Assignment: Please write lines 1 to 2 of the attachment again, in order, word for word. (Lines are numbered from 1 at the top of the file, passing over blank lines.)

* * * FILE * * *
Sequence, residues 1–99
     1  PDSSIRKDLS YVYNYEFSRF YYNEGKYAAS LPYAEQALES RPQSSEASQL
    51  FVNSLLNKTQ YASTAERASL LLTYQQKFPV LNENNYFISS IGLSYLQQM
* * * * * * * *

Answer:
Sequence, residues 1–99
     1  PDSSIRKDLS YVYNYEFSRF YYNEGKYAAS LPYAEQALES RPQSSEASQL